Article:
The author traveled to the end of the road in his pursuit of Dolly Varden. Daniel A. Ritz photo.
Searching for Dolly Varden in southeast Alaska
Daniel Ritz is fishing across the Western United States this summer in an attempt to reach the Master Caster class of the Western Native Trout Challenge, attempting to land each of the 20 native trout species in their historical ranges of the 12 states in the West. You can follow Ritz as he travels across the West by following Trout Unlimited, Orvis, Western Native Trout Challenge and Montana Fly Company on social media using #WesternTroutChallenge.
We embarked for Alaska the day before my 34th birthday, only days after leaving my corporate editing job and hours away from asking my partner for her hand in marriage. For these reasons, not to mention the pursuit of the challenging species that lay ahead, I was unprecedentedly nervous and equally excited.
I headed to Juneau, in southeast Alaska to meet Mark Hieronymus and pursue coastal cutthroat trout and Dolly Varden, the first two of six total native trout and char species of Alaska I was targeting for the Western Native Trout Challenge.
Hieronymus is well known in commercial and recreational circles having owned a seafood processing company before becoming a fulltime fly-fishing guide for Bear Creek Outfitters in Juneau.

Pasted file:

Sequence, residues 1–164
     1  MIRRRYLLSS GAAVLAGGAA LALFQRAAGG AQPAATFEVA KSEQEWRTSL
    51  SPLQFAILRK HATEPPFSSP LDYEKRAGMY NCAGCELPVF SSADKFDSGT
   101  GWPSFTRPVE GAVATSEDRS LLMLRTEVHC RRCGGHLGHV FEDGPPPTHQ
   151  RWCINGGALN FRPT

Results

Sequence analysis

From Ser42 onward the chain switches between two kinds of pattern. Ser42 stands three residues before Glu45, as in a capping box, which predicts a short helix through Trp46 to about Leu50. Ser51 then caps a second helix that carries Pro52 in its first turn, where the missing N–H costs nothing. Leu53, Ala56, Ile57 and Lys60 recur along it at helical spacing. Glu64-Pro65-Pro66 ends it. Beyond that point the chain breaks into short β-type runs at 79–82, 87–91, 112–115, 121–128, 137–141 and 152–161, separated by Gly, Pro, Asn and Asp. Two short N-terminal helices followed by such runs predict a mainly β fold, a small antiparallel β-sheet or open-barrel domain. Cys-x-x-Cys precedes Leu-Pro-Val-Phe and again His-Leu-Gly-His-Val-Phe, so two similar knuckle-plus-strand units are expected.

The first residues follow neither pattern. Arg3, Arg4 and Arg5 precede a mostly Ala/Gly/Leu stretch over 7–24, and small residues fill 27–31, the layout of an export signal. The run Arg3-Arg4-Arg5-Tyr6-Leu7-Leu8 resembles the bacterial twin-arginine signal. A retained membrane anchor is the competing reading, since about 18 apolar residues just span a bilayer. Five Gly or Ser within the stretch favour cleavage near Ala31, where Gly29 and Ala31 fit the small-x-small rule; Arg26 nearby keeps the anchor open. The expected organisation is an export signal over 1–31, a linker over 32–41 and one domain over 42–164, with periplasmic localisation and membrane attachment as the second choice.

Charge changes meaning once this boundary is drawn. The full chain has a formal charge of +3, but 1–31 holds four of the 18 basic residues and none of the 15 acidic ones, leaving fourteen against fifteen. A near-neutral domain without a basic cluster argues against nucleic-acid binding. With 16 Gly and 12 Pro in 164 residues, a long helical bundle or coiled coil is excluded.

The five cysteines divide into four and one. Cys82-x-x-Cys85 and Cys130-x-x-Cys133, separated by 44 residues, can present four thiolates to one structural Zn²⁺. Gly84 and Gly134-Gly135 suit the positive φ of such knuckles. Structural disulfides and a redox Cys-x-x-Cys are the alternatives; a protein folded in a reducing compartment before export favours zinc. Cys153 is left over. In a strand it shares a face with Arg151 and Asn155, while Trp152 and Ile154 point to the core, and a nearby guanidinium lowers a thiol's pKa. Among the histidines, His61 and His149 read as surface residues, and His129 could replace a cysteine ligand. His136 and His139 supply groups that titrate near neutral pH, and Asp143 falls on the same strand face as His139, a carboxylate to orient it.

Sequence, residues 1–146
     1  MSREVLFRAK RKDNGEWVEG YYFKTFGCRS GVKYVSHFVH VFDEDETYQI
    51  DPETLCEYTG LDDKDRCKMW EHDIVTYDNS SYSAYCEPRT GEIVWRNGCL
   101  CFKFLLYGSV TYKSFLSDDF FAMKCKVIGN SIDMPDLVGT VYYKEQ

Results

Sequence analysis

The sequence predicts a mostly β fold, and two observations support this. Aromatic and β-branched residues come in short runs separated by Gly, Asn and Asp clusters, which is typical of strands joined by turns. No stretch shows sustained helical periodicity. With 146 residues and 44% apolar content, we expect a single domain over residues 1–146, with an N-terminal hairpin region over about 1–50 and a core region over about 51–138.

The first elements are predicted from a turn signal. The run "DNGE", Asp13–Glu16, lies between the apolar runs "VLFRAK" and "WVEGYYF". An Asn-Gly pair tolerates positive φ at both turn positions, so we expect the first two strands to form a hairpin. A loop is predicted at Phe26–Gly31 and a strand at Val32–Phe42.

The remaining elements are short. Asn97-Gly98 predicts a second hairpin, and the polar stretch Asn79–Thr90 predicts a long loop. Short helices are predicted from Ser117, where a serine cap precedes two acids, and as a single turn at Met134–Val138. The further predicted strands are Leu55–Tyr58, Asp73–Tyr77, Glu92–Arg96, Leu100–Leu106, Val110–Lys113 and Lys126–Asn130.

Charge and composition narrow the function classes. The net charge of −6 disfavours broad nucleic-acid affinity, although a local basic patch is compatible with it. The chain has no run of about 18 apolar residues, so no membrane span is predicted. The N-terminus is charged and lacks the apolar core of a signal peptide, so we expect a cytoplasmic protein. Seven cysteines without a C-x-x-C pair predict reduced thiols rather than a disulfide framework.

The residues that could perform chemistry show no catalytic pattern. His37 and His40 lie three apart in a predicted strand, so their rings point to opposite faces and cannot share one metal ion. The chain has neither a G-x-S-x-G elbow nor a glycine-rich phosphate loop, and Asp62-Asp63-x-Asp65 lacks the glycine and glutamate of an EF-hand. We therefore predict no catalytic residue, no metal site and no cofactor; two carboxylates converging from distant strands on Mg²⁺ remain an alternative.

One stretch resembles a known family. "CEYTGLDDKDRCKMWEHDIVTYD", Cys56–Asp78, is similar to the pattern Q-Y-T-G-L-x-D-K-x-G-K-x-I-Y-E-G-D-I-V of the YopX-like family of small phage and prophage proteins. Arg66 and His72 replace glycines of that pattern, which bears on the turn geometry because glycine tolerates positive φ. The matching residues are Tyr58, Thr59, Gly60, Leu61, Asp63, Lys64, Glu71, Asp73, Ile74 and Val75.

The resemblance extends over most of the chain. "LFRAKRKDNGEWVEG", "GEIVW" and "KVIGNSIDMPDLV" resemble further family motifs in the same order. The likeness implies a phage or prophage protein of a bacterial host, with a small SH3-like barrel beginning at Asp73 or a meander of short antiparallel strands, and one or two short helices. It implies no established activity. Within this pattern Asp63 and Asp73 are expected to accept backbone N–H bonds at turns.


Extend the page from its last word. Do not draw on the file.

It wasn’t Hieronymus’ MVP resume that interested me in partnering with him in pursuit of coastal cutthroat and Dolly Varden, both of which have anadromous life histories. In Trout Unlimited’s recent film ‘Anadromous Waters’, Hieronymus, who works as the community science coordinator for Trout Unlimited Alaska, shared how he has been leading the charge in expanding the state’s Anadromous Waters Catalog in order to recognize and protect valuable habitat for the salmon and steelhead, largely on Alaska’s Tongass National Forest. It was fascinating to me.
According to Alaska Department of Fish and Game, the catalog “currently lists almost 20,000 streams, rivers or lakes around the state which have been specified as being important for the spawning, rearing or migration of anadromous fish. However, based upon thorough surveys of a few drainages, it is believed that this number represents a fraction of the streams, rivers and lakes actually used by anadromous species. Until these habitats are inventoried, they will not be protected under state of Alaska law.”
When we first spoke via a video call in early March, our initial plan was to take a small plane to a not-yet-inventoried stream in order to document the existence of Dolly Varden and coastal cutthroat trout. This, we theorized, would meet the needs of my Western Native Trout Challenge series project as well as showcase the AWC nomination process.
After arriving in Juneau I was deflated as Hieronymus informed me a dismal weather forecast and a broken water gauge made him skeptical of our success if we ventured off into the wilds.